under the Securities Exchange Act of 1934 is improper because the statute provides that

„[t]he district courts of the United States . . . shall have exclusive jurisdiction of violations

of this title. . . .‟” and Gilmer, 111 S.Ct. at 1654, which noted that Congress‟ grant of

concurrent jurisdiction in state and federal courts for ADEA claims is consistent with

binding arbitration because “arbitration agreements, like the provision for concurrent

jurisdiction, serve to advance the objective of allowing [claimants] a broader right to

select the forum for resolving disputes, whether it be judicial or otherwise”).

       The upshot is that the MMWA merely gives a warrantor the option to include an

informal dispute settlement procedure in its written warranty. “It does not speak to other

means of settling disputes between parties, such as binding arbitration.”             American

Homestar, 50 S.W.3d at 487.         We conclude that the text of the MMWA does not

invalidate Daimler and the Yaegers‟ agreement to engage in binding arbitration.



                                               12
       The Yaegers make bold statements in their brief about the legislative history of the

MMWA and its effect upon our determination. The Yaegers neglect, however, to recite

any of this history in their brief. Instead, they rely on a citation to a law review article

discussing the history.

        We note that the ambiguity of the MMWA‟s legislative history was addressed by

the Eleventh Circuit in Davis:

       When considering a preliminary draft of the MMWA, the Senate reflected
       that “it is Congress‟ intent that warrantors of consumer products cooperate
       with government and private agencies to establish informal dispute
       settlement mechanisms that take care of consumer grievances without the
       aid of litigation or formal arbitration.” S.Rep. No. 91-876, at 22.23 (1970)
       (emphasis added). As the Fifth Circuit concluded, “there is still no
       evidence that Congress intended binding arbitration to be considered an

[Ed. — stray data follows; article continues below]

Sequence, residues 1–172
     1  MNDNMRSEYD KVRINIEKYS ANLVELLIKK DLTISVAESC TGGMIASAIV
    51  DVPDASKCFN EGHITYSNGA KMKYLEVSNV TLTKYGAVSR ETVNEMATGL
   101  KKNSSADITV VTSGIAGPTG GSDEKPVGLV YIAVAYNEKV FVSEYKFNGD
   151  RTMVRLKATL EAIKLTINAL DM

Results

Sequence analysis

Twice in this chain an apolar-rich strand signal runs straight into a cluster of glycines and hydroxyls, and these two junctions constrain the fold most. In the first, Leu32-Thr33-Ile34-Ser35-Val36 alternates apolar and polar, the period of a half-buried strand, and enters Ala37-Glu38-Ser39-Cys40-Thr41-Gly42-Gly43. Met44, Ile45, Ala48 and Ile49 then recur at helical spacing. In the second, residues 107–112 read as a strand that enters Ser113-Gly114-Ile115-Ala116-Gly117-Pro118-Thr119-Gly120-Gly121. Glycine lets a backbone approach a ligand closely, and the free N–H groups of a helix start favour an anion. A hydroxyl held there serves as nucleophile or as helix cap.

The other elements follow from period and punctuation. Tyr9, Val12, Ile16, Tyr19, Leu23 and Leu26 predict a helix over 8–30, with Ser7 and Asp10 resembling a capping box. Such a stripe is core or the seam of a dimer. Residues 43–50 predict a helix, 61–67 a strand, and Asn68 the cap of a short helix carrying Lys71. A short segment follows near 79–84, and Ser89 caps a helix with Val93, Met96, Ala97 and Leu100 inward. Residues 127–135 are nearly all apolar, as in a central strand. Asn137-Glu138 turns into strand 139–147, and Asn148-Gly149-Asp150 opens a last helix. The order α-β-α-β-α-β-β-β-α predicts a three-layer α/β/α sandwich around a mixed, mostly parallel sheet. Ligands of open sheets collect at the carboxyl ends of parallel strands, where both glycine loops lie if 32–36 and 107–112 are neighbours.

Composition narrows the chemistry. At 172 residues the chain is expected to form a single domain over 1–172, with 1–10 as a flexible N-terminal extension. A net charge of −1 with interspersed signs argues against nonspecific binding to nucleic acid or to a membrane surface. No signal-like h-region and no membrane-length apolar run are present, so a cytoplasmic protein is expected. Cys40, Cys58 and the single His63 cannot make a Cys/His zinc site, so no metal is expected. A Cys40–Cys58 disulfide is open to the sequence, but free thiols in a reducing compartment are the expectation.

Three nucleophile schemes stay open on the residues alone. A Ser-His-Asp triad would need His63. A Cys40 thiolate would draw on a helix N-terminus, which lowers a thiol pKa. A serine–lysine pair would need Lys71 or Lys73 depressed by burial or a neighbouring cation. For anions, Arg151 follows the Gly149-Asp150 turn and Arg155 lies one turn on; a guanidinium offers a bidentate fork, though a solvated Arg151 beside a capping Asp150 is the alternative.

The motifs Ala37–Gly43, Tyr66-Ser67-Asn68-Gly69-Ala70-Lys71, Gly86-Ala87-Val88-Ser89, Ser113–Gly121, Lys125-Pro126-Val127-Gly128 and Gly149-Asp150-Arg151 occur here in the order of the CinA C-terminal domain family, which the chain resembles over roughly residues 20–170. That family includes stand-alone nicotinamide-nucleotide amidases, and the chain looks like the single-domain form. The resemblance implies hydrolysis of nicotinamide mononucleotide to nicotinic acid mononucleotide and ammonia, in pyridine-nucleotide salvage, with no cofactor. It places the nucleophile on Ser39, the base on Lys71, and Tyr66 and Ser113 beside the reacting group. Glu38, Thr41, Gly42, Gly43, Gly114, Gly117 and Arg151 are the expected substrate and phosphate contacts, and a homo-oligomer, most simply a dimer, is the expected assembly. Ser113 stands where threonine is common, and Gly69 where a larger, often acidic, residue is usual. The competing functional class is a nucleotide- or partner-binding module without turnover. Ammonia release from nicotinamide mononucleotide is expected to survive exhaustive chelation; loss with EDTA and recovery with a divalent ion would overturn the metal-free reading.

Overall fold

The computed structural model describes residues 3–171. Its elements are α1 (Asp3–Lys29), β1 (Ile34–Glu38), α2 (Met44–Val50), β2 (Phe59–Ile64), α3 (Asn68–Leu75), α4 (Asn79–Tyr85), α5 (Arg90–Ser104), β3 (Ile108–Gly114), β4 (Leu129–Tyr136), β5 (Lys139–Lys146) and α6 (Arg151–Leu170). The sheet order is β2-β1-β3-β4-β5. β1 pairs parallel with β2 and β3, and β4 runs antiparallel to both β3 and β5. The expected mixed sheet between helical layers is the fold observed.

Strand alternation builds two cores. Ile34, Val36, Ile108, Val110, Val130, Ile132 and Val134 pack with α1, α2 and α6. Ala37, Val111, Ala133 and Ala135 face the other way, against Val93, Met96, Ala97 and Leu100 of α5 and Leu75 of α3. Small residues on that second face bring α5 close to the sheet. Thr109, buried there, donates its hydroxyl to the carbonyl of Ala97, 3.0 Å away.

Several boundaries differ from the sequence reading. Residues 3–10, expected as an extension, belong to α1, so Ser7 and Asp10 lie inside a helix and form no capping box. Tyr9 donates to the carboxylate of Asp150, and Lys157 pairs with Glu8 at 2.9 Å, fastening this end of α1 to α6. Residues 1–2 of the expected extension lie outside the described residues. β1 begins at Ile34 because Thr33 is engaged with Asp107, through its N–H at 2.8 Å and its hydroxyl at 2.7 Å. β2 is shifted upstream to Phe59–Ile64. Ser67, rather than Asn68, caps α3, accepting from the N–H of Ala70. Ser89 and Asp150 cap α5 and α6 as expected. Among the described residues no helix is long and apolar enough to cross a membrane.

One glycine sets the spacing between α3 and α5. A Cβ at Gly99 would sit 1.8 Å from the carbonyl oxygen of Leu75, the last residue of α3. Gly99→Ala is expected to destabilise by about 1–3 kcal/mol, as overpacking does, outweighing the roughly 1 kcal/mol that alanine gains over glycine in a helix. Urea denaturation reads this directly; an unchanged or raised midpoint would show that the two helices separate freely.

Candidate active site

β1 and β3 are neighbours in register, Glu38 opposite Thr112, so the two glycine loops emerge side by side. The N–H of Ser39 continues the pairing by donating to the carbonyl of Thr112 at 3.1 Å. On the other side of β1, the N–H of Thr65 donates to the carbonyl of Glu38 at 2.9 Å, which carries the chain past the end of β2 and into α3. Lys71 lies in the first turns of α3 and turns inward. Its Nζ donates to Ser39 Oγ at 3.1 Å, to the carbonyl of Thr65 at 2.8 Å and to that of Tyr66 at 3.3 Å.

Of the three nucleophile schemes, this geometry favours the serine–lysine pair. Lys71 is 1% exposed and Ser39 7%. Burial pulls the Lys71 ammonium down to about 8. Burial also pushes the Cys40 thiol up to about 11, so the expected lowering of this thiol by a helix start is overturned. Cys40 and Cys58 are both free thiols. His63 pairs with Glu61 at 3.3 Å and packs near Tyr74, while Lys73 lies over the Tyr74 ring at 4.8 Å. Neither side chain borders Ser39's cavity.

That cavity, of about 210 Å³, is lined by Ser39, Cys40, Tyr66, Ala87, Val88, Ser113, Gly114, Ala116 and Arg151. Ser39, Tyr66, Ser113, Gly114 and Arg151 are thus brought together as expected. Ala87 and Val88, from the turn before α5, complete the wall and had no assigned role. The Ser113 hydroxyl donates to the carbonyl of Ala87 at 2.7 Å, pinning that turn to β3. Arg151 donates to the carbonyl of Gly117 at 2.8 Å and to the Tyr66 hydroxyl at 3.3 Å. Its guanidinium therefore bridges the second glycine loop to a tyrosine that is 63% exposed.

informal dispute settlement procedure. Therefore the fact that any informal
       dispute settlement procedure must be non-binding, does not imply that
       Congress meant to preclude binding arbitration, which is of a different
       nature.” Walton, 298 F.3d at 476. In McMahon, the Supreme Court upheld
       binding arbitration even though the Securities Exchange Act of 1934‟s
       legislative history implied that Congress intended to adopt the Wilko [v.
       Swan, 346 U.S. 427, 74 S.Ct. 182, 98 L.Ed. 168 (1953)] attitude that
       arbitration is an inadequate forum in which to enforce statutory claims.
       McMahon, 482 U.S. at 238, 107 S.Ct. at 2343. Any congressional intent to
       prohibit arbitration in the MMWA’s legislative history is considerably less
       clear than the legislative history of the Securities Exchange Act of 1934,
       which the Supreme Court held did not prohibit binding arbitration in
       McMahon.

305 F.3d at 1276 (emphasis added).

       In light of the Supreme Court‟s decision in McMahon and the federal appellate

court decisions in Walton and Davis pertaining to this factor, we conclude that the

Yaegers have failed to carry their burden of showing a clear congressional intent to

prohibit the binding arbitration of MMWA claims.           “[G]iven the absence of any


                                            13
meaningful      legislative    history barring       binding     arbitration,    coupled     with    the

unquestionable federal policy favoring arbitration,” we conclude that Congress did not

express a clear intent in the MMWA‟s legislative history to bar binding arbitration

agreements such as the one between the Daimler and the Yaegers. See Davis, id.

        The Yaegers argue that the binding arbitration provision in their contract with

Daimler is contrary to the purposes of the MMWA. Specifically, the Yaegers refer to

their belief that binding arbitration would conflict with the MMWA‟s intent to prevent